Spider plants are popular houseplants because they tolerate average to low light and have even been shown to improve indoor air quality. Like most houseplants, they are susceptible to overwatering and overcare. This low-maintenance plant doesn't require as much water as you'd think.
According to the Colorado State University Extension, how frequently you water your spider plants depends on several factors, including the type of spider plant, the size of the plant and the container and the plant's stage of growth. Another important factor is the soil type. If you use a potting soil that contains a lot of peat moss, letting it dry out completely will make it difficult to remoisten.
When to Water
The North Carolina State University Extension warns growers not to let a houseplant wilt. Once a plant begins to wilt its roots have been adversely affected by lack of water. It's best to check on your spider plant on a regular basis. Stick your finger in the soil and if the soil is completely dry to a depth of at least 1 1/2 inches -- 2 inches for a large pot and 1 inch for a pot smaller than 6 inches in diameter -- water it.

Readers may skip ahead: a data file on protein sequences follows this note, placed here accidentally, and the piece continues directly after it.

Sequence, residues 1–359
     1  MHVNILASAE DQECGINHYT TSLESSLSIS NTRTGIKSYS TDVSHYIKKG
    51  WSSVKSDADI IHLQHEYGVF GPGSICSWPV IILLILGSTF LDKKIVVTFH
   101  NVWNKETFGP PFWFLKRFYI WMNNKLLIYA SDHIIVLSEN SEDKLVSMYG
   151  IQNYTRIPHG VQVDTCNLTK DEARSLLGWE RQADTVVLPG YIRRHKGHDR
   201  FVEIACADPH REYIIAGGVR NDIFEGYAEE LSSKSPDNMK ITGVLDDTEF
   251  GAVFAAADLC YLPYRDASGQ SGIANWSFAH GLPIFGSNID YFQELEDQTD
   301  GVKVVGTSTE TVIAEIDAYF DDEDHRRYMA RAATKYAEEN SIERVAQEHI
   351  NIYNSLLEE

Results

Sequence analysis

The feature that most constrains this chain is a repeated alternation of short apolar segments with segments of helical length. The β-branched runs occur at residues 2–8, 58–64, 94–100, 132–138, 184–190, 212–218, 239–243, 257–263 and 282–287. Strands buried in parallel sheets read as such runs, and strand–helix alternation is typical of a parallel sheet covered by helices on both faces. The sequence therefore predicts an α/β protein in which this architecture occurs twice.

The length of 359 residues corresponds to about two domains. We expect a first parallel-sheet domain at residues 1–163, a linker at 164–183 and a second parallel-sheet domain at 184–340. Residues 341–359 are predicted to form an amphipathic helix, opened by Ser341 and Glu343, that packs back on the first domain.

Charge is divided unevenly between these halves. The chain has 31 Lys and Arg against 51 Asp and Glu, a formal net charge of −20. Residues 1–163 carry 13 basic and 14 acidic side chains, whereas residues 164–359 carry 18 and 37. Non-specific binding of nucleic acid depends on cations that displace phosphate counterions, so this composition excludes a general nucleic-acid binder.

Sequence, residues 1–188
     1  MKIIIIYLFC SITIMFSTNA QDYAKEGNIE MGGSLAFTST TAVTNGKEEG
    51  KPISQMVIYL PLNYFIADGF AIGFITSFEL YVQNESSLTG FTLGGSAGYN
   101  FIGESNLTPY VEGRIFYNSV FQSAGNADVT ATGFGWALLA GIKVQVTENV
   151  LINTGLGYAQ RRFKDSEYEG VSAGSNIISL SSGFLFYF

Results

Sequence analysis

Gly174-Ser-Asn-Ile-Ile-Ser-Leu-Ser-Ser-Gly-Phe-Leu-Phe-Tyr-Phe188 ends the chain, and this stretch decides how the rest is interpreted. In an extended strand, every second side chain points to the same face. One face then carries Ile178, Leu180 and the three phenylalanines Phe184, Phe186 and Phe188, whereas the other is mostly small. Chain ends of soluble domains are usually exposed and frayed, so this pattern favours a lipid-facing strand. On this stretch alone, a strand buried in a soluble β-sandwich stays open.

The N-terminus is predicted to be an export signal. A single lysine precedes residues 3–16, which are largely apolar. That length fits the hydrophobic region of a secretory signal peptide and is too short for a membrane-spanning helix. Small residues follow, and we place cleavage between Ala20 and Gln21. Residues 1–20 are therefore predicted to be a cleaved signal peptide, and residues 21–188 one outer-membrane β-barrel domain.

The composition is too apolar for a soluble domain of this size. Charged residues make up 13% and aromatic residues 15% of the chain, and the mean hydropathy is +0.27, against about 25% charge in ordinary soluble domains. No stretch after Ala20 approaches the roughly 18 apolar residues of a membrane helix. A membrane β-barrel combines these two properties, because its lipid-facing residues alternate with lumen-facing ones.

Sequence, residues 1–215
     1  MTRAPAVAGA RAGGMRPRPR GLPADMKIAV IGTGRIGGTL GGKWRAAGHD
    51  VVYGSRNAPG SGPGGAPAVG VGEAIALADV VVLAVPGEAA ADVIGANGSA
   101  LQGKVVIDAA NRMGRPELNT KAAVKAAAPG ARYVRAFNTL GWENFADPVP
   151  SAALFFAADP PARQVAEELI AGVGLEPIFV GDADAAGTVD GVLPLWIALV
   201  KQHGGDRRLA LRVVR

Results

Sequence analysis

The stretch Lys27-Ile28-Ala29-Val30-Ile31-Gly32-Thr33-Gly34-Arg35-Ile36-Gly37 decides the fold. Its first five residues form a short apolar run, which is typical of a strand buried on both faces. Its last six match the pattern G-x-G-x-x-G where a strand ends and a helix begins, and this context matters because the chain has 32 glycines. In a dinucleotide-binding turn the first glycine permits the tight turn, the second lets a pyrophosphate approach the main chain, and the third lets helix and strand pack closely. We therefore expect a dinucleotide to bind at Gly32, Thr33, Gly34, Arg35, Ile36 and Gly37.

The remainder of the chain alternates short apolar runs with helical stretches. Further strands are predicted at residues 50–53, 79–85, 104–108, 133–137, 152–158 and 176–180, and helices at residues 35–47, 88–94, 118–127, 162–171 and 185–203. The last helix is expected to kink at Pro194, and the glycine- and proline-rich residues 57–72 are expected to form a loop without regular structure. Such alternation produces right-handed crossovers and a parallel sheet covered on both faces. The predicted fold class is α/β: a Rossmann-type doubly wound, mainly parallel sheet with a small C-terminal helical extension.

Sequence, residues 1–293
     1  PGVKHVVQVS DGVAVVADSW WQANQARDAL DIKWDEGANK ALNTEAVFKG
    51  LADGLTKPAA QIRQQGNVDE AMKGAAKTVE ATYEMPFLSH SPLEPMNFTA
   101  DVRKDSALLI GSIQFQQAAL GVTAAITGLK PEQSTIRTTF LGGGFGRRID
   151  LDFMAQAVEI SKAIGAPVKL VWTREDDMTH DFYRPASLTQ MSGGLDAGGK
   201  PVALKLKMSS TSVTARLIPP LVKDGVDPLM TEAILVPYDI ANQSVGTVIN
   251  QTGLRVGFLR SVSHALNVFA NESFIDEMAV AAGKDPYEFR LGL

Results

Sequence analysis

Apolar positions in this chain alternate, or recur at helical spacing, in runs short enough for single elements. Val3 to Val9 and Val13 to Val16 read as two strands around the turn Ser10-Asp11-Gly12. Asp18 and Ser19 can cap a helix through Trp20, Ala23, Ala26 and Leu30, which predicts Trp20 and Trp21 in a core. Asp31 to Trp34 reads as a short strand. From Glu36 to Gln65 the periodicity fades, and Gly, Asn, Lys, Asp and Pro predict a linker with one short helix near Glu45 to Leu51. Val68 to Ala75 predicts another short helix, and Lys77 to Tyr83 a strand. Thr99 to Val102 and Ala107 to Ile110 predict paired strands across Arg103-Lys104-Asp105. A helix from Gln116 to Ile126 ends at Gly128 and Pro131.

How Much Water
Water your spider plant until the soil is thoroughly moist and some water runs out the bottom of the pot. That extra water will help leach salts from the soil and the root zone. Discard the extra water so it isn't reabsorbed.
Type of Water
Purified water is the best for spider plants. Generally, spider plants are sensitive to fluoridated tap water and water high in soluble salts, which can cause leaf tip burn. If you can't purify the water, let tap water sit at room temperature overnight before pouring it into your spider plant. North Carolina State University advises against the use of softened water.
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